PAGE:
A Home Away from Home:
Self-Catering in Europe
Continued from Page 2
Venice apartment's well-equipped kitchen, with french doors leading to a courtyard garden.
A more "European" experience
But saving money isn't the only reason to rent an apartment or
house. You'll also enjoy shopping the local bakeries, grocery stores, and market
stalls for breakfast and whatever other meals you prepare in your home away from
home. You'll have the sensation--even if it's an illusion--that you're a
temporary native. (Go ahead--feel smug as you carry your baguette, cold
cuts, and wine past the tourists who loiter forlornly by hotel entrances and
When it's raining and you retreat to your apartment or cottage,
you can brew a pot of coffee and snuggle up on the living-room couch instead of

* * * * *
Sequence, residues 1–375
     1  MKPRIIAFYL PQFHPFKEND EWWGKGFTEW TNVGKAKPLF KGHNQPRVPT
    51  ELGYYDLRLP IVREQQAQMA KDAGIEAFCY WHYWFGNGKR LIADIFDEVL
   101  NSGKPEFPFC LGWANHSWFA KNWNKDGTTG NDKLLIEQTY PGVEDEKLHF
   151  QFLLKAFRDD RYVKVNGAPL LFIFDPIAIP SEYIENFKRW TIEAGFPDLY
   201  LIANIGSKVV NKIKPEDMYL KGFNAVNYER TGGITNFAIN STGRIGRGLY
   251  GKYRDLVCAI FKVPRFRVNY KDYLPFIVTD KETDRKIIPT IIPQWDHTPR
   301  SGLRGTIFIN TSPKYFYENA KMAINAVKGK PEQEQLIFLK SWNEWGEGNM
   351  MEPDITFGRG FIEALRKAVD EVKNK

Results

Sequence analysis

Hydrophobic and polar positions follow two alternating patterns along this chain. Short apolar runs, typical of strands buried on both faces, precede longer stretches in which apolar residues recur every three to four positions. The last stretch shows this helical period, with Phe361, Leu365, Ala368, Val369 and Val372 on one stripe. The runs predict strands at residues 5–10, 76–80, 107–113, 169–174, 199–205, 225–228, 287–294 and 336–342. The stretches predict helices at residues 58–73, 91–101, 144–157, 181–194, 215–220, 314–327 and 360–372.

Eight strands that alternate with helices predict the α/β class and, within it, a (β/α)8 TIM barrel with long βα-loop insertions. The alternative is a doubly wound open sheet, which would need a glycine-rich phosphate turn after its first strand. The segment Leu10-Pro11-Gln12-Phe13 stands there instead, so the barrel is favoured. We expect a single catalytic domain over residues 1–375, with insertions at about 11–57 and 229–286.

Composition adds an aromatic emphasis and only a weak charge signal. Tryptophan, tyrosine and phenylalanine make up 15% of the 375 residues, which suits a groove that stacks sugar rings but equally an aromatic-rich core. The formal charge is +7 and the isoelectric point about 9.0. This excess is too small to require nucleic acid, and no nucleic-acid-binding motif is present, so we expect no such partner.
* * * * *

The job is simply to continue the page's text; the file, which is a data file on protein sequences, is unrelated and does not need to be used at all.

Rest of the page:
fighting claustrophobia in a hotel room. And if you're lucky, you may have
contact with your landlord or an English-speaking neighbor to make you feel that
you've mingled with the locals instead of passing through as an invisible
Where to find your abode abroad
Continued on page 4
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Need a car in Europe?
If you live outside the EU,
a tax-free Renault or Peugeot tourist car lease can be cheaper than renting
for visits of 21+ days. Minimum driver age is 18, there' s no upper age
limit, and rates include insurance.
For car rentals under 21 days:
Traveling by train?
Get free schedules, maps,
and guides for 50+ European railroads. (Residents of North and Central
America can buy tickets and rail passes online.)
From Durant and Cheryl Imboden:
About Europe for Visitors